• What the hell is a personal brand?

Recruiters are often asked these questions, and fortunately many of us feel its important to help job seekers find answers. Below are 20 tweet-sized tips from leading career experts, many of which were shared during #NPRTwitterChat (a collaboration between NPR and Twitter’s HR teams aimed at providing job search advice).

If you like a tip, click the (tweet this) link to share on Twitter.

    1. “It doesn’t matter whether you’re looking for a job, recruiters are always looking for you. Be ready.” @ThisIsLars (tweet this)
    2. “Use SM to network. Reach out to people who are doing the job you aspire to + ask questions.” @TdoubleD (tweet this)
    3. “You can find a job on twitter by helping other people find jobs on Twitter. Good karma and reciprocity are valued.” @lruettimann (tweet this)
    4. “Own your brand. What do your last 20 tweets say about you?” @JMass (tweet this)
    5. “Create lists to show you know your industry–a unique way to stand out and help others.” @SusanLaMotte (tweet this)
    6. “What’s a personal brand? Google yourself.” @ThisIsLars (tweet this)
    7. “Check Wefollow and Listorious to find and follow thought leaders in your industry.” @Keppie_Careers (tweet this)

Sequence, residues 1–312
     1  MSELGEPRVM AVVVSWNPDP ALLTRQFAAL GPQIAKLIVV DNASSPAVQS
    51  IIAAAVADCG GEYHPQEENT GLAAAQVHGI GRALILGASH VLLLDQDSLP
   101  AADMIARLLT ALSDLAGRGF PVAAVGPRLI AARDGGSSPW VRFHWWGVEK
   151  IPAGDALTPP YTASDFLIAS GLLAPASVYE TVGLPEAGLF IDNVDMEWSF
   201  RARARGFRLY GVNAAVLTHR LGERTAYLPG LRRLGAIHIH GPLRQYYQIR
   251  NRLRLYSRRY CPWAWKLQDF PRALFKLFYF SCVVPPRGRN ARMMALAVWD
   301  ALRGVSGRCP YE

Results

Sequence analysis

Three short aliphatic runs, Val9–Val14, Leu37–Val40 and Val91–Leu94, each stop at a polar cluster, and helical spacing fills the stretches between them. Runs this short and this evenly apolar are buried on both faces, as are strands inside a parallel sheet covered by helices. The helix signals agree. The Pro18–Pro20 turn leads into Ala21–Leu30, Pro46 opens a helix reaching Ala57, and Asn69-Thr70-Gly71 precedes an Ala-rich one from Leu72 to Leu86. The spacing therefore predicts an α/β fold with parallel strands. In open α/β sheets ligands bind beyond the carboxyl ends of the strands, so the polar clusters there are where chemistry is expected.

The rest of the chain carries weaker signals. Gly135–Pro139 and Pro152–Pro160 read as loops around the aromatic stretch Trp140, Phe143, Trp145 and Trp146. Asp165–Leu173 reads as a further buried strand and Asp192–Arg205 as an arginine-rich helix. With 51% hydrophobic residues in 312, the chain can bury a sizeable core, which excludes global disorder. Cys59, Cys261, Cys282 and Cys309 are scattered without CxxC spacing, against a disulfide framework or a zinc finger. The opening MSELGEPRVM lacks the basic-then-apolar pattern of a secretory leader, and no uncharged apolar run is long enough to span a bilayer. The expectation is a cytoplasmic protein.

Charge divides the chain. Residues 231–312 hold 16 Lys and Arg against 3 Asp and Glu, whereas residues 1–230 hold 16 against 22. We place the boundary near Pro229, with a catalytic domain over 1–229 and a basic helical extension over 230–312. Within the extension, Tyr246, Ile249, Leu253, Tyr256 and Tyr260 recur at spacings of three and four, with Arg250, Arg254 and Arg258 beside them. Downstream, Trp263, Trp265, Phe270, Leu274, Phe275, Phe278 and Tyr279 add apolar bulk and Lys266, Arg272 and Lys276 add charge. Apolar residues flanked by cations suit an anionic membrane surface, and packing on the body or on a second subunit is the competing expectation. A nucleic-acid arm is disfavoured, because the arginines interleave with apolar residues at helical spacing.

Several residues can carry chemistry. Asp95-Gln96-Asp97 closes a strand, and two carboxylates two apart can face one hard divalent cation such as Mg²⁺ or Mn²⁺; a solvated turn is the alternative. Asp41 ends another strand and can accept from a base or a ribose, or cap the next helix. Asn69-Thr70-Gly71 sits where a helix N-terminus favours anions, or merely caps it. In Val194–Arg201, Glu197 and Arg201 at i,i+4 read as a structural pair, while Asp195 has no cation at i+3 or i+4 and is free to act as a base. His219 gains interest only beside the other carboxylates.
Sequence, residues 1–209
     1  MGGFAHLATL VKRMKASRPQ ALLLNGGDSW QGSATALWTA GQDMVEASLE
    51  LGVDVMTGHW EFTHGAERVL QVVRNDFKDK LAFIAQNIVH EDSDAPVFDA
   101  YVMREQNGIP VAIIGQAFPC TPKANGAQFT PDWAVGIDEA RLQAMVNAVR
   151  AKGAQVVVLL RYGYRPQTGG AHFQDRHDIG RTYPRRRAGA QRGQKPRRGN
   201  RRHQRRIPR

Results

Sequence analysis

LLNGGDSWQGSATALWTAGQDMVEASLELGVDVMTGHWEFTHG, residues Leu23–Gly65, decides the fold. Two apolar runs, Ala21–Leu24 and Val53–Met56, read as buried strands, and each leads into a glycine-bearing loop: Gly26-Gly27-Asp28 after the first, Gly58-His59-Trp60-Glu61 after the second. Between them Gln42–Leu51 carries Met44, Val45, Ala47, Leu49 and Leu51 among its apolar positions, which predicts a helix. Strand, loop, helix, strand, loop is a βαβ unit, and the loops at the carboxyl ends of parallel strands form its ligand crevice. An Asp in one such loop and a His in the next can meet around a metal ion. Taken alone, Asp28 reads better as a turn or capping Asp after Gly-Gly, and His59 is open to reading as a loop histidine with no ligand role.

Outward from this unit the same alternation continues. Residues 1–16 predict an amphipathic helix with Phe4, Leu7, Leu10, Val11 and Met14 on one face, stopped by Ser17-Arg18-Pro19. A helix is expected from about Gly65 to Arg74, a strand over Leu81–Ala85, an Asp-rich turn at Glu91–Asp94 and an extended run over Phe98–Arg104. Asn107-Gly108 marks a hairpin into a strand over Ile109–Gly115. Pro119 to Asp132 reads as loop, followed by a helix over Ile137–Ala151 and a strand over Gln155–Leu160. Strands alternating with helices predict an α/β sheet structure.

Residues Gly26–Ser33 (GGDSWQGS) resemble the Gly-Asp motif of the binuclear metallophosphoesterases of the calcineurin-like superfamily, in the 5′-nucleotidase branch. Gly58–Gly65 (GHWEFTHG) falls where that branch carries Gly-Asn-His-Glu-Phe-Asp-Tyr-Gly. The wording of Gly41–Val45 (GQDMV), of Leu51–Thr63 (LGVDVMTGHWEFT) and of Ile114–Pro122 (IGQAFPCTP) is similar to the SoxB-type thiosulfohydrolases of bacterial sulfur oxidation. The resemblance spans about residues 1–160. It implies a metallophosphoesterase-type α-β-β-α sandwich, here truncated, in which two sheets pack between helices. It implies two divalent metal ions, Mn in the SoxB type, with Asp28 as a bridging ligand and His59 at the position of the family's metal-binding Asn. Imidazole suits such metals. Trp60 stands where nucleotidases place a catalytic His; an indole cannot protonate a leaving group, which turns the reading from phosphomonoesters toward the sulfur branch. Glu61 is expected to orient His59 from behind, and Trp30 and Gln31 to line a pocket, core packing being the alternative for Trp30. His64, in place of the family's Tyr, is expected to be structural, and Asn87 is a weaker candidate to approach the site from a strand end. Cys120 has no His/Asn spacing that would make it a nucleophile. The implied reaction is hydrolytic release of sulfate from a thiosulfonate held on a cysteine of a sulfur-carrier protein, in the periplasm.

8. “Recruiters and hiring managers can see via your #twitter that in hiring you, they inherit your network 2!” @SHRMSMG (tweet this)
    9. “Share valuable content-the more relevant contributions u make, the more others will want to connect w/u.” @anitra10 (tweet this)
    10. “Consider building a personal web page (eg. about.me). They’re effective, creative supplements to resume.” @dobbins (tweet this)
    11. “At networking events you have to speak up, get out of comfort zone. Listen & Learn. Twitter is same.” @JenniferMcClure (tweet this)
    12. “It’s not what you know, it’s who you know. Also important: what the internet knows about you.” @mattcharney (tweet this)
    13. “Authenticity = degree of transparency UR comfortable sharing. Don’t fear UR personality.” @jmass (tweet this)
    14. Here’s a guide for how to use #LinkedIn as a job seeker. http://slidesha.re/17EPgcG Good luck. @lruettimann (tweet this)
    15. “Follow people at target companies on twitter. Linkedin-search types of people that your target company hires.” @clairetapia (tweet this)
    16. “What if you treat each bullet on your resume as a tweet? It’d get some attention+cut thru the clutter.” @nikilustig (tweet this)
    17. “I was told that good jobs come to those who bust their butts and get lucky. You need both.” @skuranda (tweet this)
    18. “Networking: Use SM as a sourcing tool. Then find events where u can translate “names” into relationships.” @lruettimann (tweet this)
    19. “Alumni networks are great avenues, I’m more likely to help out someone who went to my school.” @LindsayClaiborn (tweet this)
    20. “Don’t be a ‘personal brand’, be a person.” @ThisIsLars (tweet this)